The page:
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Adaptive Rhetoric

Author: Alex C. Parrish
Publisher: Routledge
ISBN: 1317918010
Size: 62.17 MB
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Rhetorical scholarship has for decades relied solely on culture to explain persuasive behavior. While this focus allows for deep explorations of historical circumstance, it neglects the powerful effects of biology on rhetorical behavior – how our bodies and brains help shape and constrain rhetorical acts. Not only is the cultural model incomplete, but it tacitly endorses the fallacy of human exceptionalism. By introducing evolutionary biology into the study of rhetoric, this book serves as a model of a biocultural paradigm. Being mindful of biological and cultural influences allows for a deeper view of rhetoric, one that is aware of the ubiquity of persuasive behavior in nature. Human and nonhuman animals, and even some plants, persuade to survive - to live, love, and cooperate. That this broad spectrum of rhetorical behavior exists in the animal world demonstrates how much we can learn from evolutionary biology. By incorporating scholarship on animal signaling into the study of rhetoric, the author explores how communication has evolved, and how numerous different species of animals employ similar persuasive tactics in order to overcome similar problems. This cross-species study of rhetoric allows us to trace the origins of our own persuasive behaviors, providing us with a deeper history of rhetoric that transcends the written and the televised, and reveals the artifacts of our communicative past.

Evolution And Popular Narrative

Publisher: BRILL
ISBN: 9004391169
Size: 60.31 MB
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Evolution and Popular Narrative argues that an evolutionary approach to popular narrative provides an incisive index into human nature. The contributors explore various media and genres to gauge the interdependency of human nature and culture in our aesthetic appreciation.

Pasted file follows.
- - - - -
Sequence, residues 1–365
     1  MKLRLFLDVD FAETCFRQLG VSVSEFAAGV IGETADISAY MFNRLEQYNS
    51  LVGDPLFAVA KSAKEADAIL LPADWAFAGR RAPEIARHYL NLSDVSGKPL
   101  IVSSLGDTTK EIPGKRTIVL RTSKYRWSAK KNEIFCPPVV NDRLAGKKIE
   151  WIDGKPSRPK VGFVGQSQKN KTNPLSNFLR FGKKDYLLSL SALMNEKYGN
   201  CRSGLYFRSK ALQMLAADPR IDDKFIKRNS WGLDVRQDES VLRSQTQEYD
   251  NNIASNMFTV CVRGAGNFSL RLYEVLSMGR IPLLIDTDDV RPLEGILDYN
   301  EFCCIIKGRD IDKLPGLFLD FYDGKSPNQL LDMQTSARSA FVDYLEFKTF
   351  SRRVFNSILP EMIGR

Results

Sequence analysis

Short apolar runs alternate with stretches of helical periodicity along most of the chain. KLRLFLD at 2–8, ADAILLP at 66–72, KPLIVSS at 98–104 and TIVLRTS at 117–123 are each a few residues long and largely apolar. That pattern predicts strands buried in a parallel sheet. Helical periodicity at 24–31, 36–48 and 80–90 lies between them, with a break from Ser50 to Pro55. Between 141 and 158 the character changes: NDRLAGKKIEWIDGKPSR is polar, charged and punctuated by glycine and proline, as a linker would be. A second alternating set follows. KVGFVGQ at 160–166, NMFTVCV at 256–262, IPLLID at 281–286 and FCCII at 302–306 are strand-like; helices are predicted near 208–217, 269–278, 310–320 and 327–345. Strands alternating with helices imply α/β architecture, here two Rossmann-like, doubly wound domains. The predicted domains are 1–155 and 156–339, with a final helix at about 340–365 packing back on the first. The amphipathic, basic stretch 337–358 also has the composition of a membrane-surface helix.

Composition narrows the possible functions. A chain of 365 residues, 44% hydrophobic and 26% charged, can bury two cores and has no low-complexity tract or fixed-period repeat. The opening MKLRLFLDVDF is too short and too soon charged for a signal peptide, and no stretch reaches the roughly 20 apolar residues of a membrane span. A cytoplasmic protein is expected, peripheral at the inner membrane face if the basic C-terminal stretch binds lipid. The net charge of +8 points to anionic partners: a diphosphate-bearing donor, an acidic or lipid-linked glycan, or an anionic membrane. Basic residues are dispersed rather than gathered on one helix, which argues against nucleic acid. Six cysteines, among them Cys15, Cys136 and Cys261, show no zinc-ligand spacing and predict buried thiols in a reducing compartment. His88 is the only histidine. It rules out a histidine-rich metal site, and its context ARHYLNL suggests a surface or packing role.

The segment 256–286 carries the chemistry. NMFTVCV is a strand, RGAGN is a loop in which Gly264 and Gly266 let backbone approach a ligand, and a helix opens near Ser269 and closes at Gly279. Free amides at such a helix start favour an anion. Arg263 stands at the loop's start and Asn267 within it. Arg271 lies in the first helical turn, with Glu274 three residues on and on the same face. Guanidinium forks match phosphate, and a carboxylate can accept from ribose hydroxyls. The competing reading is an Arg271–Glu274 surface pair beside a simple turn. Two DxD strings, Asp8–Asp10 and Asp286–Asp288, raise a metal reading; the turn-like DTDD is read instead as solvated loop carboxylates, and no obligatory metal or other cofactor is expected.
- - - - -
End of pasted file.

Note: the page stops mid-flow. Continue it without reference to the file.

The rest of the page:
Rhetoric In Tooth And Claw

Author: Debra Hawhee
Publisher: University of Chicago Press
ISBN: 022639817X
Size: 16.87 MB
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For centuries, since its inception in fact, rhetoric has been conceived of as an exclusively human art. Only humans, after all, could artfully use language, the very definition of rhetoric. And yet pre- and early-modern treatises about rhetoric are crawling with animals of the nonhuman variety. This work examines the enduring presence of nonhuman animals in rhetorical theory and rhetorical education.

What Is The New Rhetoric

Author: Susan E. Thomas
Publisher: Cambridge Scholars Pub
Size: 68.12 MB
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The Age of Information has spawned a critical focus on human communication in a multimedia world, particularly on theories and practices of writing. With the worldwide web impacting increasingly on academic and business communication, the need has never been greater for advanced study in writing, communication, and critical thinking across all genres, sectors, and cultures. In recent decades, the definitions of 'new rhetoric' have expanded to encompass a variety of theories and movements, raising the question of how rhetoric is understood and employed in the twenty-first century. The essays collected here represent variations on these themes, with each attempting to answer the title?s deliberately provocative question, addressing particularly: -How the classical art of rhetoric is still relevant today; -How it is directly related to modern technologies and the new modes of communication they have generated; -How rhetorical practice is informing research methodologies and teaching and learning practices in the contemporary academy.